The pounding surf, the cries of the gulls, rippling sea breezes, predictable carnival rides, cameras galore and sought-after tackiness, this is the beach where everyone’s hanging loose munching on the usual seaside tempters — caramels, fudge, pralines, candy apples, funnel cake, cotton candy and good old salt water taffy which happens to contain no salt water at all!
Flavors range from Jalapeno to Molasses, from Pina Colada to Cherry Cheesecake, from coffee to Fluffernut, and the list is long. The Canadian favorite is maple syrup taffy.
Salt water taffy traces its beginnings to Baghdad and the 10th century. It has its origins based in the Turkish delight for nougat. Much, much later, actual taffy was contrived by an Austrian U.S. immigrant, and it made its appearance in the 1800s at Atlantic City’s boardwalk.
The “salt water” description added to taffy stems from an old story when after a flood filled a taffy shop with salt water, the disenchanted shop owner asked a little girl the next day if she’d like a box of salt water taffy. She said it was very good. The salt water concept never went any further.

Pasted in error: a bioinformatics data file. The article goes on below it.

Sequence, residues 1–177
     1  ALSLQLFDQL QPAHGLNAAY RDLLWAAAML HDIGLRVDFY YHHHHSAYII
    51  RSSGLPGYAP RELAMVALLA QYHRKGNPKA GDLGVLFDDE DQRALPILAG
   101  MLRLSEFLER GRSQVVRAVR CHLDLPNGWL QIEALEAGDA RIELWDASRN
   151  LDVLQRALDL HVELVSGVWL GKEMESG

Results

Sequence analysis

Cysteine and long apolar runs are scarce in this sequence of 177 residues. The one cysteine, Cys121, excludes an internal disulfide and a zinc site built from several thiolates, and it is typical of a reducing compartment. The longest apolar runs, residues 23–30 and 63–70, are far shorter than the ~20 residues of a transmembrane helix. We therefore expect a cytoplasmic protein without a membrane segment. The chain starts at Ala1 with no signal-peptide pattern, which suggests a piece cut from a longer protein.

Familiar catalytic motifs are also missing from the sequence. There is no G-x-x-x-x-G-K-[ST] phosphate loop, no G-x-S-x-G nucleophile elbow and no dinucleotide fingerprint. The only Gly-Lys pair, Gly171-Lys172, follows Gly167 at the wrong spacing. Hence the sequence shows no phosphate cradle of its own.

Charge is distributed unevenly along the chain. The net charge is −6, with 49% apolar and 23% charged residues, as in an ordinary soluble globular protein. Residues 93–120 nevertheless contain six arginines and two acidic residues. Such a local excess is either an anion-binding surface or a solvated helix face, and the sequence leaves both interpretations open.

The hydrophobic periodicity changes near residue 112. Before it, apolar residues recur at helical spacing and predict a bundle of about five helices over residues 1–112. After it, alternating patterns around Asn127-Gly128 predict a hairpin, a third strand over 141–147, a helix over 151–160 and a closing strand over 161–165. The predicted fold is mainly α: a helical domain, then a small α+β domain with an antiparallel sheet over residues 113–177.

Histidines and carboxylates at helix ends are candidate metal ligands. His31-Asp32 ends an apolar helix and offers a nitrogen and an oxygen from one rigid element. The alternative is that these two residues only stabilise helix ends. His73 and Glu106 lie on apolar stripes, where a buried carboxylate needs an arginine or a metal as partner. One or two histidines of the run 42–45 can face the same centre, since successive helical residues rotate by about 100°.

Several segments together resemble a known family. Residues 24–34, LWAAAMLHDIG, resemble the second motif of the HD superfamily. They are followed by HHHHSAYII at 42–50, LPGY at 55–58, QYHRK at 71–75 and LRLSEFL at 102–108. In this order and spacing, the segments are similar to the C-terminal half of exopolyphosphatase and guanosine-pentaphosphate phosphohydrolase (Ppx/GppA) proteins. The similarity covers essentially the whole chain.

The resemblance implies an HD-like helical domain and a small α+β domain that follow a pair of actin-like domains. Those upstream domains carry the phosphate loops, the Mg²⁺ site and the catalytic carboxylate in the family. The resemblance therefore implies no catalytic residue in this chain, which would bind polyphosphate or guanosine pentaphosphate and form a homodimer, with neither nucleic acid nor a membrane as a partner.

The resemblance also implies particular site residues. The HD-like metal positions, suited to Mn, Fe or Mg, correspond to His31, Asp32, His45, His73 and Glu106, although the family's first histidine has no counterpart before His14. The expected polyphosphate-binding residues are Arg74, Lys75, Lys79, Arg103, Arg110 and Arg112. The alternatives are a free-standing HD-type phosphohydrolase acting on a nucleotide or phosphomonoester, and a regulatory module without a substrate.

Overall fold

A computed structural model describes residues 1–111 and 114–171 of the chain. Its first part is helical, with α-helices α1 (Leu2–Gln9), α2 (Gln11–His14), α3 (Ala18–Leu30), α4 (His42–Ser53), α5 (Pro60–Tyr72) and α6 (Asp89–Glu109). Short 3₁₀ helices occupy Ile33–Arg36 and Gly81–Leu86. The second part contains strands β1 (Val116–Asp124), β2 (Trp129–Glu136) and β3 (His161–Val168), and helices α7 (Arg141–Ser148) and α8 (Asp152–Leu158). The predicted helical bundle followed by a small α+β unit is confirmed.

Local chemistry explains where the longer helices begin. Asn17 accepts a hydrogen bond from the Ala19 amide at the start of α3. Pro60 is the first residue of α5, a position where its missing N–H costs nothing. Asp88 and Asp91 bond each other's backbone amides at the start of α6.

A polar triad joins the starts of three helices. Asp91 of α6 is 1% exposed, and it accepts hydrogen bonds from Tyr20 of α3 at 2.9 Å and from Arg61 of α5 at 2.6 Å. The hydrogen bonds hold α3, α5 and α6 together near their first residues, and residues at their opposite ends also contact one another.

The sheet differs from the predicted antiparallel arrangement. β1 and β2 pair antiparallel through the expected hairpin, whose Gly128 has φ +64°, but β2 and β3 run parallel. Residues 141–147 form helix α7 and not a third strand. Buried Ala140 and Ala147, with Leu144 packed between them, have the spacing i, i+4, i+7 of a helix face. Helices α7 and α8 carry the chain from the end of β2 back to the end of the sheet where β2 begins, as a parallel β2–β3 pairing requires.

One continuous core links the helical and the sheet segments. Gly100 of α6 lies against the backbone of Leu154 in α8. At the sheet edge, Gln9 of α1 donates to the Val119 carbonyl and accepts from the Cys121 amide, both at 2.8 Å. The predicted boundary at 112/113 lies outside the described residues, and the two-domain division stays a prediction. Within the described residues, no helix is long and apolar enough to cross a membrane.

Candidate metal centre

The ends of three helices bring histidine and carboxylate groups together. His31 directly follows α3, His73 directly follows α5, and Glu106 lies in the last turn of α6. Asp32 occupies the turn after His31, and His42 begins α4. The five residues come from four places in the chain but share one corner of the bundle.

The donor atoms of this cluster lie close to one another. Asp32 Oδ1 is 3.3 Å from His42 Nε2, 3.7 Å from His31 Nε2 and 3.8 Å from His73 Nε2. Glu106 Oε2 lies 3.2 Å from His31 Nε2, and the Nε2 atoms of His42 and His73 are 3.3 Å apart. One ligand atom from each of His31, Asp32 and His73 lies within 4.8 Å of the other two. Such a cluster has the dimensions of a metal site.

BUYING YOUR TAFFY
Easily purchased at many U.S. beaches, salt water taffy is also popular through mailorder and in shops in a few inland states from the Atlantic to the Pacific. It’s always fun to watch commercial taffy being made in very large kettles. Next it is transferred to a vacuum cooking process then onto the stretcher which is the most fun. The stretcher, or puller, is the mechanical way to make the taffy softer, more opaque and pleasantly chewy by incorporating air into the taffy mixture. Here is a taffy-making video: https://www.youtube.com/watch?v=fDmi7upnbO4
MAKING YOUR TAFFY, WITH A PULLER ON HAND
Taffy-pulling parties used to be a popular kids’ pastime. Once the mixture was cooked and cooled sufficiently, each child was given a lump of taffy to pull in their buttered fingers until it ceased to be clear, was stiffer and harder to pull.
Below are foodsites with taffy recipes: